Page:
Why Does ISIS' Propaganda Work? Same Reason the Nazis' Did.
Terrorists exploit the “glamor of action movies, video games, and gangsta rap.” Counterterrorist efforts somehow have to counter that glamorization.
Jag Bhalla is an entrepreneur, inventor and writer. His current project is Errors We Live By, a series of short exoteric essays exposing errors in the big ideas running our lives, details at www.errorsweliveby.com. His last book was I'm Not Hanging Noodles On Your Ears, a surreptitious science gift book from National Geographic Books, details at www.hangingnoodles.com. That explains his twitter handle @hangingnoodles.
There are holes in how we talk about “holy war,” and about what stirs the hearts of extreme “isms.”
1. Jihadis and spa-lovers have similar motives, Virginia Postrel writes. Both seek glamor, and what gets glamorized can shape lives. Terrorists exploit the “glamor of action movies, video games, and gangsta rap.”
3. Terrorist recruiters can spend hundreds of hours turning each prospect’s specific “frustrated aspiration ... into moral outrage.” (Meanwhile, material incentives can backfire on moral issues, jobs ≠ cure).
4. Counterterrorism must counter this action-movie glamor. Postrel suggests using mundane truths to disillusion glory-seekers (“Islamic State is for losers”). But that’s burdened by uncoolness (sensible warning labels haven’t beaten smoking’s cool).
6. Whatever their faults, wrote George Orwell (reviewing Mein Kampf), “Fascism and Nazism are psychologically far sounder than any hedonistic conception of life.” “Hitler ... knows that human beings don’t only want comfort. ... They also, at least intermittently, want struggle and self-sacrifice.”
7. “Most perpetrators of violence are neither pathological nor self-interested,” but believe they’re serving a “higher moral good,” says Steven Pinker — therefore “the world has far too much morality.” But that’s like saying there’s too much adrenaline or emotion — our capacities to produce adrenalin and strong moral feelings are inalienable. We can’t wish away our glands, or our social-rule processors (we can only configure their triggers and scripts).
8. Our fear system is badly skewed by news biases, Pinker feels. Statistically, traffic accidents threaten Americans far more than terrorism. But facts don’t trump fear (our “indirect rationality” means fear can only be retrained slowly).
10. Barack Obama faces Postrel’s predicament: How to sell the unglamorous and sensible? This “speechwriting challenge” highlights how the optics and game of politics can generate disastrous decisions.
Our response to terrorism shouldn’t ignore human appetites for glamor, and revenge (or justice), and meaning through sacrificing for a cause. Nor our “indirect rationality.” None of those are going away; we’d better harness them to good ends.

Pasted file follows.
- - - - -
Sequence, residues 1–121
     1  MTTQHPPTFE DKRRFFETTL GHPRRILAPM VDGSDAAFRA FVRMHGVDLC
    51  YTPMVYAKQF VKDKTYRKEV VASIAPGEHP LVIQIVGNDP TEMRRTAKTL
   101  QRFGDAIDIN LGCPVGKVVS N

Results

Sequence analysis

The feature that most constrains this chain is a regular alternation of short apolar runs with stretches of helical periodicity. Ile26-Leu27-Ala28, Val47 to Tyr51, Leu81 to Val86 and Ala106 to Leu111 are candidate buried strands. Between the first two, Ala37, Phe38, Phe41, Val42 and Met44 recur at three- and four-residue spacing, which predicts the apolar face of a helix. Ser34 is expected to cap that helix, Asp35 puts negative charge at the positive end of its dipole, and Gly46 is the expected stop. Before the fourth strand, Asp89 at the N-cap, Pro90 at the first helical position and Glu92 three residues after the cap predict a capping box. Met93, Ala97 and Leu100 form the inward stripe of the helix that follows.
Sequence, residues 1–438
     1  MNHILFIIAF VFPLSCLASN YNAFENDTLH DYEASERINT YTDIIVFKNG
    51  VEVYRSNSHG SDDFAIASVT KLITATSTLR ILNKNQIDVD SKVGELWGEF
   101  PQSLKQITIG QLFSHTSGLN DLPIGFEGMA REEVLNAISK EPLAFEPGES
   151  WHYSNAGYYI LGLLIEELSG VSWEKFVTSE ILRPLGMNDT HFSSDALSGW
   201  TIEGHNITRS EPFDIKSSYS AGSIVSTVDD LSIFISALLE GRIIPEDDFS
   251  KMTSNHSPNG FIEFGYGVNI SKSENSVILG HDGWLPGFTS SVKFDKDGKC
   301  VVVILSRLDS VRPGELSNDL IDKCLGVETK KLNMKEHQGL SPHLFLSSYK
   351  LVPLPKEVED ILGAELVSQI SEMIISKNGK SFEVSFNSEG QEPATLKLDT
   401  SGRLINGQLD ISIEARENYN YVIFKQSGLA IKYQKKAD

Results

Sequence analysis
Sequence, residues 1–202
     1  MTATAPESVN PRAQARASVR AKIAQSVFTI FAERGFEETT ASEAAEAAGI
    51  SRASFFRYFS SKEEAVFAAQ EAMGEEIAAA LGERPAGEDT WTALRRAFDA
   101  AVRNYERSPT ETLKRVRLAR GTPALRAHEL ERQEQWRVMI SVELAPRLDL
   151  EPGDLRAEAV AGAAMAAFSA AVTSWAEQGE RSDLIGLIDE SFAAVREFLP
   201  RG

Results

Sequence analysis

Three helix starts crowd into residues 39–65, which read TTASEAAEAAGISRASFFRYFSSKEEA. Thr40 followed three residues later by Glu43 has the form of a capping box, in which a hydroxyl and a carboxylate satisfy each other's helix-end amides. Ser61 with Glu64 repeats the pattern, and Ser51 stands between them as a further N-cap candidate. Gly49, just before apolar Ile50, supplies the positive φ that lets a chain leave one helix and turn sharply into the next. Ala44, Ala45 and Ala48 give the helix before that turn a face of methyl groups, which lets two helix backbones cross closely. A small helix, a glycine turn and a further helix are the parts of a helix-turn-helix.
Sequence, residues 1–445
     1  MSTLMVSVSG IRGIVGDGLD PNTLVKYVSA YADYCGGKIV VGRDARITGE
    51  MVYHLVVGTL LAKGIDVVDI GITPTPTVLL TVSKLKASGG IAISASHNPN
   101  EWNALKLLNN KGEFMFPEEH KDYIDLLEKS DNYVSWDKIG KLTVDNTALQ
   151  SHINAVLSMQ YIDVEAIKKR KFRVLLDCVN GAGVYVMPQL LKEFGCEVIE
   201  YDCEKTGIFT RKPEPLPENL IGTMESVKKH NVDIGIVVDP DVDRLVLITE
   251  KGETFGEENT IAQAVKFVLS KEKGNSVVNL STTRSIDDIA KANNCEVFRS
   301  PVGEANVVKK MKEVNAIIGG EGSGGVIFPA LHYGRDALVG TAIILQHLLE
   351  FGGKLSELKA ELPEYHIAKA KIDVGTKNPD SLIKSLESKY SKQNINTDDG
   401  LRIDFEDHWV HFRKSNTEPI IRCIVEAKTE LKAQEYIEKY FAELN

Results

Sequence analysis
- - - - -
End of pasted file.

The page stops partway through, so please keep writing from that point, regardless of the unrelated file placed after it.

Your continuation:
Illustration by Julia Suits, The New Yorker cartoonist & author of The Extraordinary Catalog of Peculiar Inventions
These modern-day hermits can sometimes spend decades without ever leaving their apartments.
- A hikikomori is a type of person in Japan who locks themselves away in their bedrooms, sometimes for years.
- This is a relatively new phenomenon in Japan, likely due to rigid social customs and high expectations for academic and business success.
- Many believe hikikomori to be a result of how Japan interprets and handles mental health issues.
How a cataclysm worse than what killed the dinosaurs destroyed 90 percent of all life on Earth.
While the demise of the dinosaurs gets more attention as far as mass extinctions go, an even more disastrous event called "the Great Dying” or the “End-Permian Extinction” happened on Earth prior to that. Now scientists discovered how this cataclysm, which took place about 250 million years ago, managed to kill off more than 90 percent of all life on the planet.
A new study discovers the “liking gap” — the difference between how we view others we’re meeting for the first time, and the way we think they’re seeing us.
We tend to be defensive socially. When we meet new people, we’re often concerned with how we’re coming off. Our anxiety causes us to be so concerned with the impression we’re creating that we fail to notice that the same is true of the other person as well. A new study led by Erica J. Boothby, published on September 5 in Psychological Science, reveals how people tend to like us more in first encounters than we’d ever suspect.
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